Wednesday, June 11, 2008

Confused Catholic Voter

"Conscience is what summons us to love good and avoid evil; to do this and to shun that; To obey it is the very dignity of man. According to it he will be judged. Conscience is the most secret core and sanctuary of man. There he is alone with God whose voice echoes in his depths. But conscience is no infallible guide. It frequently errs from invincible ignorance (ignorance for which we are not responsible). We Christians search for truth and for the genuine solution of problems in collaboration with others and in fidelity to our own conscience . (Vatican II document, The Church in the Modern World, #16 ).

I have been fighting with my conscience who the better candidate is in this election as far as moral issues and social justice..etc.

So I came across this website:- and it explains clearly what the church's standing is on that issue. This was the church's advise in 2002 before the last election.

So I understand that Abortion is a 'disqualifying issue', because voting for someone that is pro abortion is assisting in the act itself by default. I also now understand that even though our calling in the church is to preserve life-- we can allow capital punishment such as the death penalty because it is an act of self defense.

The problem is this:-

He (McCain) added that while he ultimately favors repeal of Roe, "we all know, and it's obvious, that if we repeal Roe v. Wade tomorrow, thousands of young American women would be performing illegal and dangerous operations."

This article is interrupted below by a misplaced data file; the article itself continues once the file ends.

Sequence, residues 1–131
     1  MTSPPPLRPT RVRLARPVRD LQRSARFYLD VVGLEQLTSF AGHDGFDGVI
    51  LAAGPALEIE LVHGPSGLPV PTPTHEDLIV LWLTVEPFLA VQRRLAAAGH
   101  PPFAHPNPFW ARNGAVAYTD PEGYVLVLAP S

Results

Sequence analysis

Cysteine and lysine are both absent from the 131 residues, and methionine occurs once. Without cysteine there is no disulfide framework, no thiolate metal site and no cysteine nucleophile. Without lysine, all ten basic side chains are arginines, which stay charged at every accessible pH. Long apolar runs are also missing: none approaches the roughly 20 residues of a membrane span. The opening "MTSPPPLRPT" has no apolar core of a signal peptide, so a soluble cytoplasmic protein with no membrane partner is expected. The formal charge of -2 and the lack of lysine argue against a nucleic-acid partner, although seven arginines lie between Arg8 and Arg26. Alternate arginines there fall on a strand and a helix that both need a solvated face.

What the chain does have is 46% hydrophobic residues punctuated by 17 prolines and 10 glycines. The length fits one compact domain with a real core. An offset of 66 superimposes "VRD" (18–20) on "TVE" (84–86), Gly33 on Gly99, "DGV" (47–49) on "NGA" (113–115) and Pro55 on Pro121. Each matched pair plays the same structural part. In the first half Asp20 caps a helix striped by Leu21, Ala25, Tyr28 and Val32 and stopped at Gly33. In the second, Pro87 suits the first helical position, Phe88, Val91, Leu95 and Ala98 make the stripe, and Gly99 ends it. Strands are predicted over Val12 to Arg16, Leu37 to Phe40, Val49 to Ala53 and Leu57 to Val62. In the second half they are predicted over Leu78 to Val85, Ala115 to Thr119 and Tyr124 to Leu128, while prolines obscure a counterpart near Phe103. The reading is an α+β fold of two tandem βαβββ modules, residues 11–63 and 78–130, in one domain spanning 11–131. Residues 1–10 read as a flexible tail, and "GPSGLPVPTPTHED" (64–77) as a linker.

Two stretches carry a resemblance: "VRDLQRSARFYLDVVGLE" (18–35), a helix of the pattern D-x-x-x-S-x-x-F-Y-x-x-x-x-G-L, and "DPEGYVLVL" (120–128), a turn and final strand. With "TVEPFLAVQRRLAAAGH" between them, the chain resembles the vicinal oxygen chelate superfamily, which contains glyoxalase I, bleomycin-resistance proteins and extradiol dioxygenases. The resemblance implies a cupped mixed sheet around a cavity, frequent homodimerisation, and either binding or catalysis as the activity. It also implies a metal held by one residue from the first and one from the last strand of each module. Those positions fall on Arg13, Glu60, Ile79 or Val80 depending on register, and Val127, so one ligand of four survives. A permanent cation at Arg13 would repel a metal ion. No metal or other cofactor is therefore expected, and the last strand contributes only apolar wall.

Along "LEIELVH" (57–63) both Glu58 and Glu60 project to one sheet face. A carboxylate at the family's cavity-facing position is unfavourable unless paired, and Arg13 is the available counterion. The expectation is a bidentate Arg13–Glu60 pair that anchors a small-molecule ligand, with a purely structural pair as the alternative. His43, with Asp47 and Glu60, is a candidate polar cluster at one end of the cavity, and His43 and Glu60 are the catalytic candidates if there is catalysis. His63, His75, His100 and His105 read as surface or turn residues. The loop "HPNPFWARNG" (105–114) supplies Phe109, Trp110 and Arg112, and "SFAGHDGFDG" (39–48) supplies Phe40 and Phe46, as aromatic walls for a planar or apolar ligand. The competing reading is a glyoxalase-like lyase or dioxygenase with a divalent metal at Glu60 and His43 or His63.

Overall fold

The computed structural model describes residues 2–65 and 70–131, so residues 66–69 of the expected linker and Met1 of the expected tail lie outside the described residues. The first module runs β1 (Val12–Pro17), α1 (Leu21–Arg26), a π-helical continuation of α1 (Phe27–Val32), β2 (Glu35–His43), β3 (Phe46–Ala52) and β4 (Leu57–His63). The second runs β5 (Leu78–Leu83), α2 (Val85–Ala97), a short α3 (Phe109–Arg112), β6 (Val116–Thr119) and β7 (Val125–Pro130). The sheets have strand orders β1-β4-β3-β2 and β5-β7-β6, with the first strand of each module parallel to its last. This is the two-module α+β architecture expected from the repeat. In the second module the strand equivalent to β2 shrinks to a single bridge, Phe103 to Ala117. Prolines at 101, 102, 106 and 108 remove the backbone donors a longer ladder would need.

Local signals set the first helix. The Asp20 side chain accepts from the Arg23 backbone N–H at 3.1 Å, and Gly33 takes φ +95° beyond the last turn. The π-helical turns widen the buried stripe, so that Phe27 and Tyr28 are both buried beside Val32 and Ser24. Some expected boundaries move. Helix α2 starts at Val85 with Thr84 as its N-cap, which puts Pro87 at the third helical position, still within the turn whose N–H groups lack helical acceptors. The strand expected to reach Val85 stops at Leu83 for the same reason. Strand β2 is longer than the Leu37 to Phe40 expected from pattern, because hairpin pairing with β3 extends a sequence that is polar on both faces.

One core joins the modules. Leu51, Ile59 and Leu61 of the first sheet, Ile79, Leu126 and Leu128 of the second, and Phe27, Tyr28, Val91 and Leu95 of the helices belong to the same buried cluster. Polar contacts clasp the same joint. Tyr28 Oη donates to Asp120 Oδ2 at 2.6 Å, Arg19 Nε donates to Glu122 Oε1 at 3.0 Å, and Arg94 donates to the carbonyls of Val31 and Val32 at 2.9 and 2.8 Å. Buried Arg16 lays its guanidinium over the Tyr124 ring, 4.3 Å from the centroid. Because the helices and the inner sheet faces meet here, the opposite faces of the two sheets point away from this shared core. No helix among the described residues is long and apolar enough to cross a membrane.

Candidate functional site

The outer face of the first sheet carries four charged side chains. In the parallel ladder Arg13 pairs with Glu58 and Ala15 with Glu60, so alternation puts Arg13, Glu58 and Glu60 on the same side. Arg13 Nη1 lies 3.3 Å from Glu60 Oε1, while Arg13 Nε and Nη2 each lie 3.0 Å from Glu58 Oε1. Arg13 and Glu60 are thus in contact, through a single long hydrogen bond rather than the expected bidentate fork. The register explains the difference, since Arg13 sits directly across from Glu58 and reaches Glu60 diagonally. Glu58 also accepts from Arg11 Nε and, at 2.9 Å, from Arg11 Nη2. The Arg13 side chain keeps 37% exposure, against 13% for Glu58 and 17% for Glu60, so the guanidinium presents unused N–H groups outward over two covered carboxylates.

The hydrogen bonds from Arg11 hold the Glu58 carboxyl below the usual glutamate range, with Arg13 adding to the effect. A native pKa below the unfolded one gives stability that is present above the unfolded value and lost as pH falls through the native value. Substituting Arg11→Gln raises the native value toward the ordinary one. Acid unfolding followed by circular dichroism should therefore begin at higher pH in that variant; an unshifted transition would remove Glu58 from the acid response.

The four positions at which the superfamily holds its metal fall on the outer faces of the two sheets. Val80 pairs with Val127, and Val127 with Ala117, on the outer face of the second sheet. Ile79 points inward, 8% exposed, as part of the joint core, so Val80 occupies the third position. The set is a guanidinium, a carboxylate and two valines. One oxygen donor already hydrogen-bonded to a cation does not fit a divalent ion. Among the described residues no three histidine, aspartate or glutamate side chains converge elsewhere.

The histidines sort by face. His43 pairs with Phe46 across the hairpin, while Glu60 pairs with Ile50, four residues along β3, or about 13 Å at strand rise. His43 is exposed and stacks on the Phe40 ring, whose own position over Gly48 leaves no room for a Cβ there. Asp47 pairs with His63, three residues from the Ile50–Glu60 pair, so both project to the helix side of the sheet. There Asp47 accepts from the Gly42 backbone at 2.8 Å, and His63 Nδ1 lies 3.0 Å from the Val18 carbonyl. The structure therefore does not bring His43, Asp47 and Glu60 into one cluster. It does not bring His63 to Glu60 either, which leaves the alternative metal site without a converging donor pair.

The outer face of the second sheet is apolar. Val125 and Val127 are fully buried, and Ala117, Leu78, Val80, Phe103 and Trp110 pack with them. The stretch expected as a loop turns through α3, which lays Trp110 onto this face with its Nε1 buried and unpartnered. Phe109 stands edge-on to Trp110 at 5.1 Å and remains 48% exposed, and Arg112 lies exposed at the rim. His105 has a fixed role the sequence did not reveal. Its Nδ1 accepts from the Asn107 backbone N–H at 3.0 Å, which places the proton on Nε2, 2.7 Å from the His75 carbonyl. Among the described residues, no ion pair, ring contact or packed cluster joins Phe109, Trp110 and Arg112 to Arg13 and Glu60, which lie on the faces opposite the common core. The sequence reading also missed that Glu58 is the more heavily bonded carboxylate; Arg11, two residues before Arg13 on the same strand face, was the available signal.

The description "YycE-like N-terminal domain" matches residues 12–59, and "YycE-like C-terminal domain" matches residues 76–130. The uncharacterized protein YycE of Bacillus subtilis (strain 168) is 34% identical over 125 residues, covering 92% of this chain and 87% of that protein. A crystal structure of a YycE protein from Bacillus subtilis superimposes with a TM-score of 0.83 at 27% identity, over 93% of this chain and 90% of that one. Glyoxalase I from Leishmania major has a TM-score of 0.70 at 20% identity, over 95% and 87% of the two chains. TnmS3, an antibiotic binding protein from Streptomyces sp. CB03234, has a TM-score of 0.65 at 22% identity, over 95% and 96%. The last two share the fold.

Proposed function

and this:-

[An abortion protester at a campaign event] handed me a pamphlet. "Mr. Obama, I know you're a Christian, with a family of your own. So how can you support murdering babies?"
I told him I understood his position but had to disagree with it. I explained my belief that few women made the decision to terminate a pregnancy casually; that any pregnant woman felt the full force of the moral issues involved when making that decision; that I feared a ban on abortion would force women to seek unsafe abortions, as they had once done in this country. I suggested that perhaps we could agree on ways to reduce the number of women who felt the need to have abortions in the first place.

It sounds like the same guy is talking!!!

Another issue that, Pope John Paul II (MHSRIP) stated before the 2003 war that this war would be a defeat for humanity which could not be morally or legally justified. He strongly opposed the war, as he strongly opposed abortion.

So if one candidate is sort of anti abortion, but supports the war, and the other is pro abortion and does not support the war, are we morally obligated to boycott the elections as catholics?

If we vote for either one of the candidates, aren't we guilty of sin by association for either encouraging the death of the unborn child, or the death of the living child?

My questions come in the light that Douglas Kmiec and Gov. Sebelius were both denied communion recently based on issues to do with abortion. So if we vote do we get excommunicated then?


Luse said...

Well, well, is this really a choice between 'the devil and his cousin?' No easy way out of this one, I tell you. Being one of those who believe in the inviolability of the conscience, I would advise following one's conscience,all the while keeping in mind that while I decide as an individual, am answerable, not only to God but the larger community. Of all the options, if you ask me, not voting is the worst: is it not a truism that bad leaders are elected by good people who do not vote?

Manena said...

I like how you phrased that:-) decisions I make as an individual certainly affect the community at large:-)
I also found the last bit true but funny! Bad leaders are elected by good people who do not vote!
Thank you for your comment! It will certainly be a hard year to vote in!